Truth be told, however, I would have still rathered to listen to endless versions of "Purple Rain" because my soul hurts at the death of Prince. Miles Davis described him as a combination of Jimi Hendrix, James Brown and Charlie Chaplin. That cat could play ANYTHING - and do it with finesse, grace, creativity and humor. So, I'm going to pour myself a "toasted lager," do some "Purple Rain" prayer and practice right now and give thanks for the blessings of this day because while they were mostly obscure to me,  that is another part of the mystery of faith.

Tuesday, April 19, 2016

reflections on hilary and bernie - part three...

In the third of five reflections on the differences I wrestle with between Mrs. Clinton and Mr. Sanders, a clearer divergence of worldviews and analytic precision comes into focus when foreign policy matters, trade and economic reform, gun control and the legacy of sexism are examined.  (I had originally thought I would wrap things up with this one, but I clearly need two more installments.) In my estimation, when these subjects are investigated beyond the catch phrases of the campaign, they clarify objectively the wisdom of Clinton’s current agenda over the paucity of practical possibilities in the Sanders proposals.  I do not question the passion or integrity of those who “feel the Bern.” There is an exciting energy to his campaign that is palpable. Nor am I in disagreement with many of their goals – especially when it comes to changes in caring for the poor, strengthening the middle class and lessening US involvement in international conflicts. What is missing for me in Sanders is gravitas – politically, analytically and strategically – as I hope to convey in the following review.  Please note that in previous postings I am always grateful to those friends, colleagues and readers who reply to my reflections with serious critiques of my blind spots and/or new information. I detest and delete, however, rants and/or emotional mudslinging of any sort. So, if you have an alternative analysis with substantive facts and philosophical depth, please be in touch, ok?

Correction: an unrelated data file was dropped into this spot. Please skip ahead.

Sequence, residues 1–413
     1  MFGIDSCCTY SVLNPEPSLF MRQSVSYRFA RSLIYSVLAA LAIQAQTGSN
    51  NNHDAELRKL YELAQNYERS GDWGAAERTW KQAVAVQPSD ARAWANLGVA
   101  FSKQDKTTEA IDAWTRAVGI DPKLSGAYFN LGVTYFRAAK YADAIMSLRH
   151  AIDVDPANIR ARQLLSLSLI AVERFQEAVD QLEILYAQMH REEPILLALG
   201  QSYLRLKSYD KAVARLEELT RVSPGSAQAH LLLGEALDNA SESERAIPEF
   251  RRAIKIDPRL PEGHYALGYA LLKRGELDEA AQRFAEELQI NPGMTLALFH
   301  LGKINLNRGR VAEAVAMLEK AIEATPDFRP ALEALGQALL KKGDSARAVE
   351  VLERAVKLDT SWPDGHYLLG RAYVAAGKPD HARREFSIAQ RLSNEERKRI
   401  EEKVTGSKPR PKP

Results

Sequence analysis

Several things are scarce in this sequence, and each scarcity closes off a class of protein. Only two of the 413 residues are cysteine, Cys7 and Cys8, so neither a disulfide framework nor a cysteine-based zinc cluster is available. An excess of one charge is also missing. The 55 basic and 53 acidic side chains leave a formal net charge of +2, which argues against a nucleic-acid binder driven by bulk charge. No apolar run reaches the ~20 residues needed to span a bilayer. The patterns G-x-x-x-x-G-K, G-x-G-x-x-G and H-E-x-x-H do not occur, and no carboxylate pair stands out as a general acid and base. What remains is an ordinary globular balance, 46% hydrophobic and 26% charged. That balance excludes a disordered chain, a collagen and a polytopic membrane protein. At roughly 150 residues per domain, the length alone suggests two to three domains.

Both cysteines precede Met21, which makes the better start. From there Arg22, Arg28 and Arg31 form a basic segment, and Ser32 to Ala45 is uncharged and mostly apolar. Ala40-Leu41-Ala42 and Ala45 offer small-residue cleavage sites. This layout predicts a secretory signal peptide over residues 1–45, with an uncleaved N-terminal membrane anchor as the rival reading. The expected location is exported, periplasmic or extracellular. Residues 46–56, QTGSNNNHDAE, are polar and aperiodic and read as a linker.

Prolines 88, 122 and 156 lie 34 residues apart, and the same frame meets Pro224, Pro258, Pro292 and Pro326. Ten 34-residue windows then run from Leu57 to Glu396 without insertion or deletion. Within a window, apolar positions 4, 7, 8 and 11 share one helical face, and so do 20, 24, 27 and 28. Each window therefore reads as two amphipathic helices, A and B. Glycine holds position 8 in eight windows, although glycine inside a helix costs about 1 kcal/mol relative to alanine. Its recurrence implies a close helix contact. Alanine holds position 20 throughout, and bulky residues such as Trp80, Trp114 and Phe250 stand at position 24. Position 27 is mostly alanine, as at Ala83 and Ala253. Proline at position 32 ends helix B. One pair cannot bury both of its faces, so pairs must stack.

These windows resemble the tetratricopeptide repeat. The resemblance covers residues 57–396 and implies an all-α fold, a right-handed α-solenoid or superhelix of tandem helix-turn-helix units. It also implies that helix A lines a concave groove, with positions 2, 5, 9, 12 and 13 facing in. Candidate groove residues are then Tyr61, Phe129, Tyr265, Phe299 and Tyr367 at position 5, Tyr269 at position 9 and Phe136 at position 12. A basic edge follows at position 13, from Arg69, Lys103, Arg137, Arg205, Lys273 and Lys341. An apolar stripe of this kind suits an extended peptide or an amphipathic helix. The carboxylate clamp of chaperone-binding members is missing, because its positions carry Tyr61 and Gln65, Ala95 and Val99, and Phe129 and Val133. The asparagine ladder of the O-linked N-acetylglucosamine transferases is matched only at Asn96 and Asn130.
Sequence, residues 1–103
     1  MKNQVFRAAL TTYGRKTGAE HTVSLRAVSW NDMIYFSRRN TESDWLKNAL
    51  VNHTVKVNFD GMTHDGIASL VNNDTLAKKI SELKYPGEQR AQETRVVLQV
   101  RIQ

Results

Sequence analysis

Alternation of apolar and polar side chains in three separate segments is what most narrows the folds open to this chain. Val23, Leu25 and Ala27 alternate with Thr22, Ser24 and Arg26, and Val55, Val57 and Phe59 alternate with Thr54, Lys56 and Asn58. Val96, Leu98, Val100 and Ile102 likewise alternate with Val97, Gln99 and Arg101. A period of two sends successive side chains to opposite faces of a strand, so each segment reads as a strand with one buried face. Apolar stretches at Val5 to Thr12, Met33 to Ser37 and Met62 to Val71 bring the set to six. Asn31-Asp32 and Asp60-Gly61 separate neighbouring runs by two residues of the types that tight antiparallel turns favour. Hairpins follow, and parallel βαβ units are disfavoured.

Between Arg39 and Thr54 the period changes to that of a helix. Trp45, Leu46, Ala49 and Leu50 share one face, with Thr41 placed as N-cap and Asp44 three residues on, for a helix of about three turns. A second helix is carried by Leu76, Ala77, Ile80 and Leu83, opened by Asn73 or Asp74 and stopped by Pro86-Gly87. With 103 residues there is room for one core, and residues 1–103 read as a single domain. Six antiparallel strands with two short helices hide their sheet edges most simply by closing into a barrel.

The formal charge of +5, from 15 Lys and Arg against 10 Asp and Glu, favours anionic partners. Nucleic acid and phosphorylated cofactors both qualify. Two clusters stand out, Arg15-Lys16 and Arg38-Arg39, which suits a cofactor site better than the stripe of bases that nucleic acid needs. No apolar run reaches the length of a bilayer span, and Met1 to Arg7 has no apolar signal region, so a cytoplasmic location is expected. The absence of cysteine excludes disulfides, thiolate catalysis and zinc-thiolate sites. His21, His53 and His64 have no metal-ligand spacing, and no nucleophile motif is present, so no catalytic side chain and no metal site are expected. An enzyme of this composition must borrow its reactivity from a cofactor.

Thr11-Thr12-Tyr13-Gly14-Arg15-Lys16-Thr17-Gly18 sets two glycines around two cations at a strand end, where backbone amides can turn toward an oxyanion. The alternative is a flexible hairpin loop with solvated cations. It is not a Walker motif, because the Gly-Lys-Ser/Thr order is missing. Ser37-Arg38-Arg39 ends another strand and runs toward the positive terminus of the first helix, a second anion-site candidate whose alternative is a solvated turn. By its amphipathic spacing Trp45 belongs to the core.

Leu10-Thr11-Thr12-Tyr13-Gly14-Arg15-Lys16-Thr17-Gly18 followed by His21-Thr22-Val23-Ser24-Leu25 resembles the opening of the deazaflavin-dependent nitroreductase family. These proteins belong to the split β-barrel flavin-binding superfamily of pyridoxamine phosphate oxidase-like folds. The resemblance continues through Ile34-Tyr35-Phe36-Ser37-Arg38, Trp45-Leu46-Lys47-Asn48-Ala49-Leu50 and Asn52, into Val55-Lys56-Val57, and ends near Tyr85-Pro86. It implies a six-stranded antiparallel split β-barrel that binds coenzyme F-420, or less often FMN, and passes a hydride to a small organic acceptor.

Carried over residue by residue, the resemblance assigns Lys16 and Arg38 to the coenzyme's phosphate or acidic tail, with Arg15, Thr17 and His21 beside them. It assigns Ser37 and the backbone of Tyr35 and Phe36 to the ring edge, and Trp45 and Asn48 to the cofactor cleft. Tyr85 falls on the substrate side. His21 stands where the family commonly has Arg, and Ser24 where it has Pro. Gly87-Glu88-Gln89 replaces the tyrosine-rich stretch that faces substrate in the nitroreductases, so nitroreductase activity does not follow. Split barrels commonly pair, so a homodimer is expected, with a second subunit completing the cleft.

I have argued before that Sanders’ unwillingness to seriously explore compromise is troubling to me.  By insisting that his positions alone define the moral high ground, I detect a cranky self-righteousness that alienates potential allies and limits the political discussion to all or nothing propositions.  Small wonder that he has been only modestly successful as a legislator in advancing his agenda:  to his credit Sanders added seven different amendments to various House bills between 1990 and 2006 as a US Representative and did likewise six times after he became as a US Senator in 2006. He has passed only three bills of his own creation – two of which named post offices.

A controversial article entitled, “On Becoming Anti-Bernie,” by Robin Alperstein, cuts deeper into the implications of Sanders’ intransigence and my lingering mistrust by dissecting the specious number Sanders uses to advance his single payer health plan.  His projections require both new taxes as well as a 5% growth in the US economy over the length of his term – necessities that are beyond reason. Further, even should the economy move to a 5% rate of growth, there is still at least a $1 trillion gap between cost and revenue.  Ms. Alperstein correctly concludes that Sanders tends towards political magical thinking rather than hard analysis when it comes to governance. There is also an inclination towards celebrating bold political goals without sufficient strategy or allies.

(By) rejecting compromise as a mark of lack of integrity, or worse, corruption, Sanders accomplishes two deeply disingenuous goals: (i) he sets himself apart from his colleagues in Congress as the only one who is allegedly “true” to his “values,” thereby creating the myth that he is morally superior and incorruptible; and (ii) he turns the necessity of compromisewithout which literally nothing can get done in Congressinto a negative, very similar to the Tea Party and hardliners on the far right in Congress, thereby allowing him to transform his failure to compromise and thus his failure to have achieved any workable progressive legislation in 25 years into a “virtue”a testament to his supposed integrity. (

Given our current political gridlock, I find this legacy less than useless. And when it turns into a shrill smear-by-insinuation campaign against Mrs. Clinton, it becomes repugnant especially given Mr. Sanders’ rhetoric as a reformer. The policy implications of this disingenuous approach to compromise were recently articulated by Tom Hayden, the grandfather of the New Left, in The Nation:

To simply reject Obamacare in the belief that “political revolution” will lead to a single-payer solution is simplistic. The path to a Canadian-type system or Medicare for All has fallen short in California and Vermont, and will require Republican defeats this year and in 2018, followed by a presidential showdown in 2020. Meanwhile, Obamacare and the Medicaid expansion are helping 20 million Americans now, mainly youth and people of color, which is a huge improvement that no thoughtful radical can dismiss as merely “reformist.” My friends at National Nurses United are to be congratulated for spending millions supporting Bernie and tirelessly rolling their buses through so many states thus far, but I don’t see a rollout of a Plan B, which requires at least two presidential terms and three more congressional elections. Bernie’s position reinforces the voter impression that his idealism will be blocked in practice. Hillary and Obama’s approach, following on her children’s-health-insurance law, is much easier for voters to understand and support. ( i-used-to-support-bernie-but-then-i-changed-my-mind/)